For David K
A human being is part of a whole, called by us the “Universe,” a part limited in time and space. He experiences himself, his thoughts and feelings, as something separated from the rest—a kind of optical delusion of his consciousness. This delusion is a kind of prison for us, restricting us to our personal desires and to affection for a few persons nearest us. Our task must be to free ourselves from this prison by widening our circles of compassion to embrace all living creatures and the whole of nature in its beauty. – Albert Einstein
At the end of August, I participated in a week-long group meditation retreat, most of it in silence. It was beneficial in a lot of ways, including timeliness: I’d wound myself up with stress again in August and the retreat unraveled me in a day.
I’m learning that the more stress I feel, the less compassionate and generous I feel. Wanting to protect myself, I start to close up and become stingy all-round.
And that’s what I took to the meditation cushion on Day 1 of the retreat. The PSC gave a steady commentary on the other participants, the majority of whom I’d never met before, like it was a Santa Claus parade.
But the PSC was diminished in a remarkable way on Day 2. In the morning, I wondered “where’s David?” a Sangha member whose probing questions I always appreciate in classes but who was not attending this retreat. Then, during a walking exercise, the person walking by me reminded me of David, and then I thought of the next person as David, and the next person, and so on. I suddenly felt very warmly towards everyone there, like they’d all been my friend for years.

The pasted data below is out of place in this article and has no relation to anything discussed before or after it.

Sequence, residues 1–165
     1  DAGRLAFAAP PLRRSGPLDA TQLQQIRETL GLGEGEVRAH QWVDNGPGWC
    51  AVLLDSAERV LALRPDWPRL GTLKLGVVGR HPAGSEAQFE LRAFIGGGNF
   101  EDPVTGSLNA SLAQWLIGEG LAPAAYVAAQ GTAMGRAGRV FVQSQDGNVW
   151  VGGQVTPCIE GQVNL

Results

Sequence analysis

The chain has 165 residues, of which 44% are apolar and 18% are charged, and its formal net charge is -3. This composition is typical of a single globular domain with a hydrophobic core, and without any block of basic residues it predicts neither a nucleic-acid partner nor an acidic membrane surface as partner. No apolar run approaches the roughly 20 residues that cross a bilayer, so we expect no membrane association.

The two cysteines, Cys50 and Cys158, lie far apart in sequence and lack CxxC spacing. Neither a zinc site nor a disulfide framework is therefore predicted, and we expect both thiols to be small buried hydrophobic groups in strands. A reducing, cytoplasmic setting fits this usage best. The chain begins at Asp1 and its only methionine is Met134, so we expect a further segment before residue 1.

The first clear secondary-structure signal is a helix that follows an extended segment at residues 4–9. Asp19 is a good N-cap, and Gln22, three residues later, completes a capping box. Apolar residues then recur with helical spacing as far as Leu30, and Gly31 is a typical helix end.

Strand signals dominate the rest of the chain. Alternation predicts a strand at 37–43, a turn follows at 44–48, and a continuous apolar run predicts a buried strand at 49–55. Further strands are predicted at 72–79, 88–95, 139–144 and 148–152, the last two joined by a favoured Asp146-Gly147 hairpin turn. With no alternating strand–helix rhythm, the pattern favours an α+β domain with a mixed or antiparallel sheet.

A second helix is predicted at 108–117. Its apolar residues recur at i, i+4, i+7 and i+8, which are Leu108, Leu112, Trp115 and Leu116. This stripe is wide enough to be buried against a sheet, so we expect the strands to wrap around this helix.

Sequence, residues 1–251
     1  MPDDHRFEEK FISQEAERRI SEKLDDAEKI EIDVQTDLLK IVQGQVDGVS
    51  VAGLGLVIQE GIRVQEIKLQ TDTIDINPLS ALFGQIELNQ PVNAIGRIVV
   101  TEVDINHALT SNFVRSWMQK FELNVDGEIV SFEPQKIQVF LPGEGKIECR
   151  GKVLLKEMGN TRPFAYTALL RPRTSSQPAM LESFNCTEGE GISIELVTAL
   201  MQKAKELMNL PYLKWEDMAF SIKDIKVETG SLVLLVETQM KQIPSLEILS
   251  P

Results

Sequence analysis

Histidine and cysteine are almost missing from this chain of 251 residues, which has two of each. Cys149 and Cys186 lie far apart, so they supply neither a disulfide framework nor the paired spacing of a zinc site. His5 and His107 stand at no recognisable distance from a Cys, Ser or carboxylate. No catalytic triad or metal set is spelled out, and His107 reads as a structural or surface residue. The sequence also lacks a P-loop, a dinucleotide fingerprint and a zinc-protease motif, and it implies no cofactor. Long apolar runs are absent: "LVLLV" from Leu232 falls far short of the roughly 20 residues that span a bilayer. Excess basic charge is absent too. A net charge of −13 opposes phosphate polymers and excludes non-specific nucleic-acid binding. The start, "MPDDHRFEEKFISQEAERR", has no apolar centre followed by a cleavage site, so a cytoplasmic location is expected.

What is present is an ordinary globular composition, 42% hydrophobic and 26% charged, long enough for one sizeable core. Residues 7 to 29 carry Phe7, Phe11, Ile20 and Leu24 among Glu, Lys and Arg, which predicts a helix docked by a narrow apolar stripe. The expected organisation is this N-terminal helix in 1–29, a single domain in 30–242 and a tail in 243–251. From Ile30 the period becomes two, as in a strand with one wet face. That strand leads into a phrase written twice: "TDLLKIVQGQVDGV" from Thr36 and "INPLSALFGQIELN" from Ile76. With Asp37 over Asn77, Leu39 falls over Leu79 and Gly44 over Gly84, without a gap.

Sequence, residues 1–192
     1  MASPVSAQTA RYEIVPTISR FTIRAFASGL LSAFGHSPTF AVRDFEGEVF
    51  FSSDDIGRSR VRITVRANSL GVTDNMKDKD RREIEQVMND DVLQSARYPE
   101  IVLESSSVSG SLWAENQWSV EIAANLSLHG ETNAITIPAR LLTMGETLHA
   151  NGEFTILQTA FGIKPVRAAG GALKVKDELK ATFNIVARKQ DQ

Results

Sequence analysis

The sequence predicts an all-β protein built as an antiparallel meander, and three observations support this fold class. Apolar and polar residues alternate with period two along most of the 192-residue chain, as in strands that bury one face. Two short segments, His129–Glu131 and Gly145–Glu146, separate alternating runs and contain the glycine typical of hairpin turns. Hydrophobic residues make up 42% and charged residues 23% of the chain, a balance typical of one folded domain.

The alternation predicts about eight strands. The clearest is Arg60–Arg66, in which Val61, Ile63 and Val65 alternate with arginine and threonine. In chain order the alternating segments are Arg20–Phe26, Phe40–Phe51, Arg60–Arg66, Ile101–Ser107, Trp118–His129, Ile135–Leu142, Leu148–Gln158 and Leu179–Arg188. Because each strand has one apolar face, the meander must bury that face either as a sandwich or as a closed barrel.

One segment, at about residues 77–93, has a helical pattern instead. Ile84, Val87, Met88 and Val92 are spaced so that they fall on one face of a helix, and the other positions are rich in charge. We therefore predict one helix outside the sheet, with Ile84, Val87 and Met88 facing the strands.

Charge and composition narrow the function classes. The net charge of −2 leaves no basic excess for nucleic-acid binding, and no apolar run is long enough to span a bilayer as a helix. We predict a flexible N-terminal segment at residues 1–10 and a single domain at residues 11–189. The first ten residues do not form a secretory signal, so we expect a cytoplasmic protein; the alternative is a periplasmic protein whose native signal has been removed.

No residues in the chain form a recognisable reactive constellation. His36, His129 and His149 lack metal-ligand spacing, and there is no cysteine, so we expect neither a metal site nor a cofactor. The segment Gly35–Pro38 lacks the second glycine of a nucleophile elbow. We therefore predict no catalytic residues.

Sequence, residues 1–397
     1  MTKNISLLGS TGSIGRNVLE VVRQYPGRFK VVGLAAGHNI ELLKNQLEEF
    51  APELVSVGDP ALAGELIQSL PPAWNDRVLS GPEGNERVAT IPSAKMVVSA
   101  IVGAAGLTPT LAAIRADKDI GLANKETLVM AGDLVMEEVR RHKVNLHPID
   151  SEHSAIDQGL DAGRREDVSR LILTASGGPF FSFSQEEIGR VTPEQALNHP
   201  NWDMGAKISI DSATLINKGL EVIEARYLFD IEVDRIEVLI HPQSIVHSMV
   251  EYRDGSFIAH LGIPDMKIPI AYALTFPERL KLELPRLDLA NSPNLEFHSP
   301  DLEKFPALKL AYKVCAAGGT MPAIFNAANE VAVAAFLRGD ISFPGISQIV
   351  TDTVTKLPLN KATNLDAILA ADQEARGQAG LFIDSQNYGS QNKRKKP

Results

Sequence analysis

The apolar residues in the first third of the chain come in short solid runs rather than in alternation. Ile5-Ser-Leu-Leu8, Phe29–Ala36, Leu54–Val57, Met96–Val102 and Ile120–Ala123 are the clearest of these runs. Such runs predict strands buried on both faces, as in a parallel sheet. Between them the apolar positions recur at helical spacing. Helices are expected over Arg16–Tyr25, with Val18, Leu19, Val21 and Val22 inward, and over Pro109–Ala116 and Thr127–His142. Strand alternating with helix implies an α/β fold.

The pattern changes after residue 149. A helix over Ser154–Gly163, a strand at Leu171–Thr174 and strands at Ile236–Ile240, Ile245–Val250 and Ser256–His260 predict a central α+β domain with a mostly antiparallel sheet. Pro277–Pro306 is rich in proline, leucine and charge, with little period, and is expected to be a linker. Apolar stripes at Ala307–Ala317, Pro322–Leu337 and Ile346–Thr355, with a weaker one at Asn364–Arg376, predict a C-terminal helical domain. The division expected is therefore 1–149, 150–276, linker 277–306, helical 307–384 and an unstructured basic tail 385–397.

There are many contemplations and practices for generating compassion and connection. Here, it seemed to happen naturally when I needed it.
The PSC thoughts are just another way to judge myself. For the remainder of the retreat, whatever anyone was doing, on or off the cushion … blew their nose, stretched their legs, seemed nervous, was late, scratched their arm, played with their hair, was falling asleep, had their stomach growl, fidgeted, burped, seemed selfish, ate loudly, checked their cellphone, put their jacket on, took their jacket off … I thought me too and felt kindly towards them (and myself).
After the retreat, I took it out into the world for a while. The inconsiderate driver. The impatient customer. Everyone on the bus with their nose in their cellphone. The man waiting in a fast food drive thru. The child having a tantrum. The woman struggling to walk up a hill. The close friend professing a surprising personal decision. Me too.
We human beings are all such funny, fidgety, finicky creatures. We’re all always just trying to get comfortable. And we’re all always just trying to become happy. Me too.
References and related links:
- diy earlier post on my August stress.
- PSC: the Petty Social Commentator, one pattern of my thoughts.
- Sangha: a local Buddhist community.
- Tonglen: a Tibetan Buddhist practice to generate compassion, meaning “giving and receiving.” Per Sogyal Rinpoche: “No other practice I know is as effective in destroying the self-grasping, self-cherishing, self-absorption of the ego, which is the root of all our suffering and the root of all hard-heartedness.”